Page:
Pierre Bonnard 1867 1947 French Post-Impressionism
Frank Lloyd Wright 1867 1959 American Prairie School
Charles Rennie Mackintosh 1868 1928 Scottish Symbolism, Arts and Crafts, Art Nouveau, Glasgow Style
Louis Comfort Tiffany 1848 1933 American Jewelry and glass designer
Helen Hyde 1868 1919 American Japanese Styled Prints
Georges Ferdinand Bigot 1860 1927 French Cartoon

Japanese gardens

Claude Monet's garden in Giverny with the Japanese footbridge and the water lily pool (1899)

The aesthetic of Japanese gardens was introduced to the English-speaking world by Josiah Conder's Landscape Gardening in Japan (Kelly & Walsh, 1893). It sparked the first Japanese gardens in the West. A second edition was required in 1912.[45] Conder's principles have sometimes proved hard to follow:

Robbed of its local garb and mannerisms, the Japanese method reveals aesthetic principles applicable to the gardens of any country, teaching, as it does, how to convert into a poem or picture a composition, which, with all its variety of detail, otherwise lacks unity and intent.[46]

Tassa (Saburo) Eida created several influential gardens, two for the Japan–British Exhibition in London in 1910, and one built over four years for William Walker, 1st Baron Wavertree;[47] the latter can still be visited at the Irish National Stud.[48]

Samuel Newsom's Japanese Garden Construction (1939) offered Japanese aesthetic as a corrective in the construction of rock gardens, which owed their quite separate origins in the West to the mid-19th century desire to grow alpines in an approximation of Alpine scree. According to the Garden History Society, the Japanese landscape gardener Seyemon Kusumoto was involved in the development of around 200 gardens in the UK. In 1937, he exhibited a rock garden at the Chelsea Flower Show, and worked on the Burngreave Estate at Bognor Regis, a Japanese garden at Cottered in Hertfordshire, and courtyards at Du Cane Court in London.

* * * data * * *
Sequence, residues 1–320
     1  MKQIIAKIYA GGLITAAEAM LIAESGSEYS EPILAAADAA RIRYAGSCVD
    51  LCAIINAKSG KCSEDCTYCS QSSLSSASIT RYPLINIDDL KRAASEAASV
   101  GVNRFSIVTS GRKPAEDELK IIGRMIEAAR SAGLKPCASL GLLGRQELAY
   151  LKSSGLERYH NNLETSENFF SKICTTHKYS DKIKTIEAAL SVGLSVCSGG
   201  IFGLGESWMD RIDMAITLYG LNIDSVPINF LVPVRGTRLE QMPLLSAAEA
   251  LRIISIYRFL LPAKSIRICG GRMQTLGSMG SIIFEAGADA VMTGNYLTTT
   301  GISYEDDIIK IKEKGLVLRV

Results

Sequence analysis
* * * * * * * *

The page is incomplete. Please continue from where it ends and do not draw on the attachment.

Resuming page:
The impressionist painter Claude Monet modelled parts of his garden in Giverny after Japanese elements, such as the bridge over the lily pond, which he painted numerous times. By detailing just on a few select points such as the bridge or the lilies, he was influenced by traditional Japanese visual methods found in ukiyo-e prints, of which he had a large collection.[49][50][51] He also planted a large number of native Japanese species to give it a more exotic feeling.


In the United States, the fascination with Japanese art extended to collectors and museums creating significant collections, which still exist and have influenced many generations of artist. The epicenter was Boston in no small part due to Isabella Stewart Gardner, a pioneering collector of Asian art.[52] As a consequence, the Museum of Fine Arts, Boston now claims to house the finest collection of Japanese art outside Japan.[53] The Freer Gallery of Art and the Arthur M. Sackler Gallery house the largest Asian art research library in the United States and house Japanese art together with the Japanese influenced works of Whistler.


See also


  1. ^ From the French Japonisme


  1. ^ "Japonism". The Free Dictionary. Retrieved 7 June 2013.
  2. ^ "Commodore Perry and Japan (1853–1854) | Asia for Educators | Columbia University". Retrieved 2020-02-02.
  3. ^ Ono 2003, p. 1
  4. ^ Davis, Aaron, "Japanese Influence On Western Architecture Part 2: The Early Craftsmen Movement" Nakamoto Forestry, May 28, 2019; accessed 2020.09.16.